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Jane Lefler
Jane Lefler, Animal Behaviorist
Category: Dog Training
Satisfied Customers: 18961
Experience:  Dog breeder/Trainer and Behaviorist 18+ years
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I have a 7 yr spayed female and a 11 mos spayed female. They

Customer Question

Customer: I have a 7 yr spayed female and a 11 mos spayed female. They have started bad fighting. All night and into this am. have to separate them.
JA: Thanks. Can you give me any more details about your issue?
Customer: They are Yorkies; 7 yr old is Daddy's; 10 month old is mne. Bindi {7} is aggressor.
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Customer: ok will do thanks
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Submitted: 11 months ago.
Category: Dog Training
Expert:  Jane Lefler replied 11 months ago.

Hi JaCustomer,

My name is ***** ***** I’ve been involved professionally with dogs in the health and behavioral fields for over 18 years. It will be my pleasure to work with you today.

In order to supply you with an informed answer, it is necessary for me to collect some additional information from you. When I receive your response or reply, it will likely take me between 30-45 minutes to type up my reply if I am still online when I receive notice that you replied. I hope you can be patient.

Can you describe what is going on when the fights occur?

Have either dog been obedience trained?

Customer: replied 11 months ago.
Bindi, our 7 yr old (Yorkie, is the aggressor. Pepita, 10 month old, also a Yorkie, is my pup. Normally they get along great, with minimal fighting.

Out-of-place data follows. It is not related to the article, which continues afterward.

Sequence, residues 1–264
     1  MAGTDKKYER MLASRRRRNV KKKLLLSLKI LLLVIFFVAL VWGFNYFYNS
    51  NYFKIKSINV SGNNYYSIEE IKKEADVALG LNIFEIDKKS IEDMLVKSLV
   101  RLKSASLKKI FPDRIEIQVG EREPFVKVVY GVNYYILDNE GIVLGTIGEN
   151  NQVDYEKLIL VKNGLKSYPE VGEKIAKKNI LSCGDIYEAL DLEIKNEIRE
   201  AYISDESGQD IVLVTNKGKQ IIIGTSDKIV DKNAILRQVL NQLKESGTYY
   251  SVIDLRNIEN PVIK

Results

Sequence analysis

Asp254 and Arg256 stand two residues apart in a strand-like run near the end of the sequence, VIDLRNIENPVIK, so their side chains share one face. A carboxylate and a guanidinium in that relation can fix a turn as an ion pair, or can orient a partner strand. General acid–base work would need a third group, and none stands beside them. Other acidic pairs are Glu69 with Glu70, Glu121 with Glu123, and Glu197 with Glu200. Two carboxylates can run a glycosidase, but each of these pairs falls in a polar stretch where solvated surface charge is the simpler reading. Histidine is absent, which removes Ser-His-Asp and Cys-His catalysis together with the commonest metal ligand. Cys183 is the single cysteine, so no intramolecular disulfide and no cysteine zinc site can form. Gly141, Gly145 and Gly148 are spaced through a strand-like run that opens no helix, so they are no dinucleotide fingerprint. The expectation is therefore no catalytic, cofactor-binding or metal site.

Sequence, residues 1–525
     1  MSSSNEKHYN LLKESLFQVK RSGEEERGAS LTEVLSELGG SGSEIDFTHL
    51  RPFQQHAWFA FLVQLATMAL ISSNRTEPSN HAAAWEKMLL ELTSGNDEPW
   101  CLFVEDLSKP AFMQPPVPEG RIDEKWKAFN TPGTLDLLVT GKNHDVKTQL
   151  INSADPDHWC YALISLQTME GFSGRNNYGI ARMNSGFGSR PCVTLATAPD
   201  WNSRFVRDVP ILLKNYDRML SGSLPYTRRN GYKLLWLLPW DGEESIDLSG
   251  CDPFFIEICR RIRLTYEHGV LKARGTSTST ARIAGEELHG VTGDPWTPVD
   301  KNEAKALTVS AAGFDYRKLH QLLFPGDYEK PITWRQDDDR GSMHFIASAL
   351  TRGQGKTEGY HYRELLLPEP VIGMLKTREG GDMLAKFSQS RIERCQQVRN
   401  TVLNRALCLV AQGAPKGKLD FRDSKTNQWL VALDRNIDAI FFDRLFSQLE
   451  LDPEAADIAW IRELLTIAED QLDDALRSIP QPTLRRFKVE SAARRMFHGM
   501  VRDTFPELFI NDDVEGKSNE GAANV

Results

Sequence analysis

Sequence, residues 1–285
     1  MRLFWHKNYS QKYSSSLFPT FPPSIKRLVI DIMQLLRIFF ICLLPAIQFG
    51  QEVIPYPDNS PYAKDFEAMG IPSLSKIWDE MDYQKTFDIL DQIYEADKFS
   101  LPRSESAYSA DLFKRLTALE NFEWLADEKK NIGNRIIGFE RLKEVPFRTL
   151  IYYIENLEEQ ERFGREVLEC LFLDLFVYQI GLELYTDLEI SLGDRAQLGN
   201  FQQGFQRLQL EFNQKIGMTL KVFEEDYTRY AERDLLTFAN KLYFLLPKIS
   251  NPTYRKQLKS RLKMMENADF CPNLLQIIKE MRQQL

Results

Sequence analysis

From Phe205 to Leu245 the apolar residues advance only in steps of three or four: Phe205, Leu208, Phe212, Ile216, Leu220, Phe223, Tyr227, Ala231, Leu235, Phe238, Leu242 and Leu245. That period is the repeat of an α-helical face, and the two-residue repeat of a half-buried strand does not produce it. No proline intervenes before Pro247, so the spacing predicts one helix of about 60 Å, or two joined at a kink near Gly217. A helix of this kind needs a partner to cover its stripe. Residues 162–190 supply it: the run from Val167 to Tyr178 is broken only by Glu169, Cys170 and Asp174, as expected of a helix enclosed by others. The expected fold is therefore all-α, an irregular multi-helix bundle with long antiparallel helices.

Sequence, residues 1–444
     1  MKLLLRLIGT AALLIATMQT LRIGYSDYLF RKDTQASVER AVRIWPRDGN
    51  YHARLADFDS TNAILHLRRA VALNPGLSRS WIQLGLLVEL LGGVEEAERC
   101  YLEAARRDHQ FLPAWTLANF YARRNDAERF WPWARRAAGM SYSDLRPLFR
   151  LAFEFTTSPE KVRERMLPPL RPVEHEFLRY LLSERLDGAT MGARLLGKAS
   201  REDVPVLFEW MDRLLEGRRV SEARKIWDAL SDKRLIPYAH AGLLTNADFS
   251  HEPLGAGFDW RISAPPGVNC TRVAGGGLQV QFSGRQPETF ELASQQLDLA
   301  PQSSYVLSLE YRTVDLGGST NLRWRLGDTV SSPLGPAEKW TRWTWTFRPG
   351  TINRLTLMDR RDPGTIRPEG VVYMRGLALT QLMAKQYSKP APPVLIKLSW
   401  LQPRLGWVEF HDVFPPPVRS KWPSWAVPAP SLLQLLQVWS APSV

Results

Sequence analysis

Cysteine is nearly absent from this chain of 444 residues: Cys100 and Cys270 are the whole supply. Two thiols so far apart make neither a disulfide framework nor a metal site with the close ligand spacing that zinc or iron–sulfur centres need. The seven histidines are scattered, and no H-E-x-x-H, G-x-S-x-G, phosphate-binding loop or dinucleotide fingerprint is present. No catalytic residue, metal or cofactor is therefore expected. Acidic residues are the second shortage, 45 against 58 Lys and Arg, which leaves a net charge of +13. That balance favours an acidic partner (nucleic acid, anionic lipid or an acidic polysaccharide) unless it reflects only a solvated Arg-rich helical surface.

They sleep with us too, and last night fought most the night, continuing this morning. Have separated them today.
We were given Pepita about 3 mos ago, as the previous owner could not potty train her. We have trained her to go out with Bindi in our fenced back yard. No other training but come, stay, leash.
We recently went on a trip for a week. The boarder said they did fine with the other couple dogs. She did say they fought one time. When returned home on 12/20, and they have been fine until last night.
What should we do?
Customer: replied 11 months ago.
The fighting has turned into extreme, but the little one gives in eventually.
Now the older Yorkie wants to keep it up.
Customer: replied 11 months ago.
Our name is:
Jerry and Eileen Bennick, in TX
Expert:  Jane Lefler replied 11 months ago.

I just wanted to let you know I'm working on your answer now.

Expert:  Jane Lefler replied 11 months ago.

What you are seeing is pretty normal. when you have two females, one has to be the boss and one the follower. Normally the resident dog ends up being the boss of the house as most people introduce small pups into a new household. However Pepita may be a pup but would be old enough to be sexually mature. With Bindi being so much older, Pepita may be starting to see if she is more dominant than Bindi. If she is, she might feel she should be the boss instead of Bindi.

The boss gets to tell the other dog what to do. They get privileges such as the "right" to eat first, get affection first and even go outside first. If they want something the other dog has, the leader just has to walk up and the other dog is expected to give it up. This is what it sounds like may be going on. I also want to add that usually when you add a basically adult dog into a household, the resident dog thinks they are just a visitor at first and thus doesn't have much of a problem but as they stay longer, the dogs realize that they are there to stay and then fights can start as they figure out who is the boss and who isn't.